I'm not sure. For one, I think it is dangerous to assume that everyone in the television industry are liberals to begin with. I think it does make sense that there are a lot of liberals in Hollywood and the television world, simply because the left wing has always been more protective of the right to creative expression than the right. However any talk of "liberal media" of any kind tends to degenerate into ad hominem arguments and anti-semitism.

That having been said, there is some extent to which these representatives of the right are shills. While Harriet Hayes is portrayed as thoughtful, kind, funny (she does funny voices anyway) and intelligent, in the end, verbal jousts with her Jewish, rationalist boss Matt Albie always seem to leave her at a loss for words. Charlotte Ross' character may be a victim, but she is also unapologetically bigoted, belligerent, and much more interested in being inflammatory in order to sell books than in bringing people together through rational argument.

The problem is, so is the real Ann Coulter. The problem is, people whose credo is to put faith over reason are not ever going to win a rational argument convincingly. I applaud the efforts of these television producers to present a wide range of viewpoints, but I suspect that most people who identify as Christians or Conservatives will not identify with these characters, and in fact will see liberal puppet masters pulling the strings.

I personally do not object to the portrayals I have mentioned. As someone on the left side of the political spectrum, they ring true to me. However, if the television powers that be really wish to bring the entire political spectrum under one big umbrella of television watching consumers, I think there are other ways. I think they can present Christians who identify as Christians because they are nice even to people who are jerks (which would put them at odds with the current "Christian" administration). I think they can present Conservatives who believe that an overly active Federal Government stunts the ability of individuals to grow and succeed in the business of their choice and thereby undermines capitalism (also putting them at odds with the current administration).

Maybe those portrayals are not dramatic or interesting enough. On the other hand, maybe it's a crawl before they can walk situation. Portrayals of minorities on television went from non-existent, to stereotypical, to (at least in some cases) realistic. Perhaps portrayals of Conservatives will go the same way. In the meantime, I guess we can all sit back and enjoy the show.

Monday, February 05, 2007

Super Bowl Wrapup

Well, the big game has come and gone, and a few observations can be made:

The Game:

I remember for years people complaining about what a blowout the Super Bowl always is and how it's not worth watching, except for the commercials. The final score (Colts 29-Bears 17) may not have been close, and the game was a bit ugly (the NFL managed to make sure that there was no rain during the Super Bowl for 40 years and now we know why) but for more than three quarters the two teams were separated by no more than a touchdown (with conversion).

The AFC Dominance:

This makes 8 out of the last 10 Bowls going to the AFC. They've got a long way to go though, prior to that, the NFC won a whopping 15 of 16 Bowls. These things are always streaky; 11 of the first 15 went to the AFC.

The Winners:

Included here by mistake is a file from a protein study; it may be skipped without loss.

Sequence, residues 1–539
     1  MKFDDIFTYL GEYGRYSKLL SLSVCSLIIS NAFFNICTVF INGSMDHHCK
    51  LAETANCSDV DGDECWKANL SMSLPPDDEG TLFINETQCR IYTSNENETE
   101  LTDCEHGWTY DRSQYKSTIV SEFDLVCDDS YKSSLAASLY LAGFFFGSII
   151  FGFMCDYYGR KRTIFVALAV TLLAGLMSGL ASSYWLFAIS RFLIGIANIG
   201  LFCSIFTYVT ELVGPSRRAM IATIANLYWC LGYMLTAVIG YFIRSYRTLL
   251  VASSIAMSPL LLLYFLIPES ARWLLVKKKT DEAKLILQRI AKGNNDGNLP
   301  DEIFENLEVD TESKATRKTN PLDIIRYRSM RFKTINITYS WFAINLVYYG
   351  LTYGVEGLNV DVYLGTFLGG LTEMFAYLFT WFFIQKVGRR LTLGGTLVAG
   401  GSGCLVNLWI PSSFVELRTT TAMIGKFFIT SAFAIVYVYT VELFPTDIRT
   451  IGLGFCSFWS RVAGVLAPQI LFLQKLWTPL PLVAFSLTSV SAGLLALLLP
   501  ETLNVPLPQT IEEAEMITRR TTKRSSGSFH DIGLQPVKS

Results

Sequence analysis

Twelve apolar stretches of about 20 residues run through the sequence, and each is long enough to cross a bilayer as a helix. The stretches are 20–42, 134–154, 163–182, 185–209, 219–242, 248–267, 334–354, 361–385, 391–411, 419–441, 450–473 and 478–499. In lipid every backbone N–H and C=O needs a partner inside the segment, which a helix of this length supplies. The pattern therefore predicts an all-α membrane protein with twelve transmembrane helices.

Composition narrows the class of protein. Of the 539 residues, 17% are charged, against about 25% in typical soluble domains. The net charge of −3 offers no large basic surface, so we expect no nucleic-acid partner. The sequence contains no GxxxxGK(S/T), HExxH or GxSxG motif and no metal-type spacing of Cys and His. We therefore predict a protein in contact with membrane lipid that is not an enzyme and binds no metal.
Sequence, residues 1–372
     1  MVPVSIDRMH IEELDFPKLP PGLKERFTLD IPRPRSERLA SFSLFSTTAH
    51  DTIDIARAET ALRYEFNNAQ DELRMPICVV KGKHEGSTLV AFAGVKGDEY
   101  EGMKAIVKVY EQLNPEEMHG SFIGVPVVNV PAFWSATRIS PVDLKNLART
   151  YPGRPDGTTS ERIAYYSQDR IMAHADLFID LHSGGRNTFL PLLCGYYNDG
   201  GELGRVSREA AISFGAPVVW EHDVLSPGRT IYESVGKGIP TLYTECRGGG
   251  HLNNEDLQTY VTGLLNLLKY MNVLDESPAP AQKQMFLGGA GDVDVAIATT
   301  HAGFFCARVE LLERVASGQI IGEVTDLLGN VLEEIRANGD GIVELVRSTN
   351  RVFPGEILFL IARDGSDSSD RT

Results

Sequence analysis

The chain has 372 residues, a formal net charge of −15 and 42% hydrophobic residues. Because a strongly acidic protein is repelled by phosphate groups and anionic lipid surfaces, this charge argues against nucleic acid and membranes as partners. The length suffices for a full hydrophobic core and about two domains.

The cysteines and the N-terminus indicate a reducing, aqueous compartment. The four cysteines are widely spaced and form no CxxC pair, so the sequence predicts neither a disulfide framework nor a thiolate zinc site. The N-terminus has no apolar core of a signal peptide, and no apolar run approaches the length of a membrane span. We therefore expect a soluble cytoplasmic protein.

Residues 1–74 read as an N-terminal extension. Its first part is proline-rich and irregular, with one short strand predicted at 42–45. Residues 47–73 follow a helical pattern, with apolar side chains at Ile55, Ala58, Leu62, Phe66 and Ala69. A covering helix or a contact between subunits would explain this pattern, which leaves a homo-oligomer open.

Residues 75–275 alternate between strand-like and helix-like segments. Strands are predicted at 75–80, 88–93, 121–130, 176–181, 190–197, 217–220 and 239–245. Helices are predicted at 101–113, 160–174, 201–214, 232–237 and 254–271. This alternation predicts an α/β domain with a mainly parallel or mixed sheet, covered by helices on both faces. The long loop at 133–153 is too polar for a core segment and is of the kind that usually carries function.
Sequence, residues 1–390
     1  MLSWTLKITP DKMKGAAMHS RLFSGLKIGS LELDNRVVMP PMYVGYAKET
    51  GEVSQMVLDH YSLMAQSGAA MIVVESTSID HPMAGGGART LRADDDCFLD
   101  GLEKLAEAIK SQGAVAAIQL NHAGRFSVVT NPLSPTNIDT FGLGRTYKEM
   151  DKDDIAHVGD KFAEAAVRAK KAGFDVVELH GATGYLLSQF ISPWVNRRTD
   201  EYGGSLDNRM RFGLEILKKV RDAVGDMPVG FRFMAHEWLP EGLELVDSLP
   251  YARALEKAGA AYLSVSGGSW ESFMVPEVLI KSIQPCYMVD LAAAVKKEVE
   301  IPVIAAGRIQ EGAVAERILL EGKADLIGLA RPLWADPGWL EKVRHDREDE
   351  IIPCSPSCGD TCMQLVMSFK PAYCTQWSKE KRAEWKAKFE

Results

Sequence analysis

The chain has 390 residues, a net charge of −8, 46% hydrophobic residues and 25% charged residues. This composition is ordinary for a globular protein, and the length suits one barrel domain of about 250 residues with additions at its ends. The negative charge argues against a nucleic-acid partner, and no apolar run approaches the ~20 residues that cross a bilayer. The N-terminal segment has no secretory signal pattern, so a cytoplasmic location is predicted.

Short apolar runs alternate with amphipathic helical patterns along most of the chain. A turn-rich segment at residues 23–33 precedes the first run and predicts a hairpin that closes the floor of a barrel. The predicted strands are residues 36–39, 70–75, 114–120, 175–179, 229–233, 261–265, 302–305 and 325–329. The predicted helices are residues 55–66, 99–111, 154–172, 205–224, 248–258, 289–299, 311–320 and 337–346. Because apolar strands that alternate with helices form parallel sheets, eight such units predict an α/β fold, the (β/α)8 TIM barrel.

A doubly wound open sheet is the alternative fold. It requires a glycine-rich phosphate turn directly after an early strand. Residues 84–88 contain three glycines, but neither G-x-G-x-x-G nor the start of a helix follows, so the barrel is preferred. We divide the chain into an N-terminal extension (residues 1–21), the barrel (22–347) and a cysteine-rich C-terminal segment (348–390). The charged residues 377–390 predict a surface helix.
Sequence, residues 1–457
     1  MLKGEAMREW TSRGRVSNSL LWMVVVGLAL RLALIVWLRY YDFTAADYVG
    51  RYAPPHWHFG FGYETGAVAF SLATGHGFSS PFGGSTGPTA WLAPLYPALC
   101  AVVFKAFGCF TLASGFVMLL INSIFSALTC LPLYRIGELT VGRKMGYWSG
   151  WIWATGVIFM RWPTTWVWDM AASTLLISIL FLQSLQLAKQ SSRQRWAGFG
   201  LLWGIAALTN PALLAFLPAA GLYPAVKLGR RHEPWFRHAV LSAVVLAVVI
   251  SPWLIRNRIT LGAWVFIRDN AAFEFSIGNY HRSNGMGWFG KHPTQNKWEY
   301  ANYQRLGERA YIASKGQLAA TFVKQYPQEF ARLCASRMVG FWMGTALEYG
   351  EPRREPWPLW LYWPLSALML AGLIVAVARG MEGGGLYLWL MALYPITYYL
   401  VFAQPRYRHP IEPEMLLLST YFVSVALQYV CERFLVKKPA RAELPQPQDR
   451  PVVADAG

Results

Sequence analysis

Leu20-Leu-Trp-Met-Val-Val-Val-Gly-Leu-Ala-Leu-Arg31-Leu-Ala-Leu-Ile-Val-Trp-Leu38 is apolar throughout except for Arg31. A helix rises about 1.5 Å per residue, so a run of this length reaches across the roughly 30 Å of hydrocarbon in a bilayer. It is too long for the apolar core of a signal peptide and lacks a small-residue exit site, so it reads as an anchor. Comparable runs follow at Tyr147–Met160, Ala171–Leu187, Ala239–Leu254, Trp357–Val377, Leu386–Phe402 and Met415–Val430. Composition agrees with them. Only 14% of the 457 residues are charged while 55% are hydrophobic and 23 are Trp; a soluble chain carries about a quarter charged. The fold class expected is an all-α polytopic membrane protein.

Good for Peyton for finally getting his ring, but couldn't you feel a little sting behind Dan Marino's smile at the post game wrapup?

The Losers:

Lots of credit to Lovie Smith, since it seemed like these Bears got to the Super Bowl through smoke and mirrors a lot of the time. I'd like to note though, that now my NEW YORK JETS share a perfect winning percentage in the Super Bowl with only the 49ers, Buccaneers and Ravens.

The Halftime Show:

I took a nap, but my girlfriend tells me Prince should have danced more.

The Commentary:

No complaints, Phil Simms is a class act.

The Commercials:

Ah, the infamous commercials. Every year, the fans complain that the commercials "aren't as good as they used to be." But I'm not sure they've ever been as good as they used to be. I think every year, there have been one or two groundbreaking commercials (Thanks Mean Joe, Apple Computers, etc.) that people remember as representing a slew of brilliant ads. The fact is I think most of the ads have become more disappointing the greater the hype. Also, the years when the games themselves were so abysmal probably cast the commercials in a better light.

That having been said I actually thought this was a pretty good year for commercials. The Robert Goulet commercial had me laughing my ass off (you've got to give someone props for going to Robert Goulet and saying "OK, in the end, you'll be crawling away like Spider Man on the ceiling" and to Bob for saying "Sure, why not?"), but maybe a lot of today's viewers don't know who Robert Goulet is. The Bud Light hitchhiker commercial similarly had me in stitches. I'm not sure how I feel about these talking animal commercials, since they seem like an original idea that has been beaten to death, but people seem to love them, so what can I say? If we can just put the talking babies to rest though, that would be great.

Well, time to put away our football hats for another season (after the Pro Bowl of course). Good luck to all the guys who don't have a clue what to do with their Sundays for the next 6 months. May I suggest starting a blog?

Saturday, February 03, 2007

Political Philosophy

You know when the terrorists win? When we happily hand over our civil liberties to authoritarian leaders because of fear, when we turn innocent people into pariahs and diminish our own humanity to avoid an ethereal foe, THATS when the terrorists win.

Also when I get dealt KK on the button and the big blind gets AA.